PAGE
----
In the forthcoming issue of Finished Vehicle Logistics, we have something of a special focus on Europe, including reports from the ECG Conference, a feature interview with PSA Peugeot Citroën, with Audi, as well as the European carmaker's association (ACEA). This reporting comes as the European Union and economic area are set to complete their first year of growth in vehicles sales since 2007. It’s certainly a relief, although most companies have kept the champagne on ice as sales are well off their peaks, perhaps permanently so. While vehicle exports have been strong to North America and China, global economic uncertainty, especially the fallout from the Russia-Ukraine crisis, has restrained shipments. A slower growth rate towards the end of the year has also been worrying.

The perpetual challenge for logistics in Europe has been meeting stringent service requirements, while balancing costs and capacity utilisation. Perhaps no company has had to think more carefully about this than PSA Peugeot Citroën, which faced such a cash crisis that it needed investment from the French government and China’s Dongfeng to survive. PSA has stabilised vehicle inventory, improved forecasting, and worked to meet demand more quickly, as Guy Lederer explains. Like the European economy itself, PSA is not out of the woods, but it is headed in a better direction. An improved order-to-delivery process will play an important role.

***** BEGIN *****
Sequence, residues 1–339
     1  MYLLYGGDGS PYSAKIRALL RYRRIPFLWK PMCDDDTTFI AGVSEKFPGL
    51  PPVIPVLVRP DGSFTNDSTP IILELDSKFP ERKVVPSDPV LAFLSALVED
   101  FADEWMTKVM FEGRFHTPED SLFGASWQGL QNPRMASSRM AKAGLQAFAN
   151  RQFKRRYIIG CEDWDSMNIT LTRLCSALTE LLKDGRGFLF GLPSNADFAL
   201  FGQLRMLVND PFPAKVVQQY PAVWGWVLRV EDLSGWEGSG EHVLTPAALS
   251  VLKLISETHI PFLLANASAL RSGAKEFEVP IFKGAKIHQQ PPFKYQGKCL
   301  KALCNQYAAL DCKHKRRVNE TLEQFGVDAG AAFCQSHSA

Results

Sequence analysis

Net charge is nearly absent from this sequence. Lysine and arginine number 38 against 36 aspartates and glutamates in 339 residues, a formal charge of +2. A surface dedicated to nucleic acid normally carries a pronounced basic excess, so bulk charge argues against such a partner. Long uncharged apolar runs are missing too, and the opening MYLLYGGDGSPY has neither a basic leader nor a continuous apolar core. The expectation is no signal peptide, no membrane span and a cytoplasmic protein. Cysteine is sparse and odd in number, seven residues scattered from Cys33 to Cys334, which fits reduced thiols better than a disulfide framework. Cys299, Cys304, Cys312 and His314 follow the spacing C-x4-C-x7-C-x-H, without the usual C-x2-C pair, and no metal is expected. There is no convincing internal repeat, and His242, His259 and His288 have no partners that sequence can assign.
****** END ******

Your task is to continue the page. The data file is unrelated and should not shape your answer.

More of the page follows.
At Audi, where we continue our special report from Automotive Logistics (click here for a full list of stories), Dr Michael Hauf explains how adherence to delivery dates is a critical strategy for a premium OEM. When an Audi is ordered, the whole supply chain, including internal and outsourced resources, rallies around delivery promises.

While there is plenty to worry about in the economy, Erik Jonnaert explains how ACEA, the European carmakers’ association, is influencing legislators to encourage OEM research and promote exports. Perhaps most important are ongoing negotiations for a free trade agreement between the EU and the US, which could change the map of what is already one of the industry’s most dynamic trade flows.

That would be significant for ocean carriers, and our focus on shipping reveals an increasingly complex sector. Carriers are confronting changing trade patterns, such as the growth of Mexico, the emergence of transhipment hubs in Asia, as well as the start of low sulphur emission zones from January in much of northern Europe and North America.

Elsewhere, 2015 will see other shifts in the vehicle logistics market. Both Hyundai Glovis and India’s Mahindra Logistics, for example, have made investments in trucking assets for the first time, setting them up to play a different role in outbound logistics for both the OEM groups of which they are part, and third party customers.

However the New Year shapes up, we’re not expecting the status quo.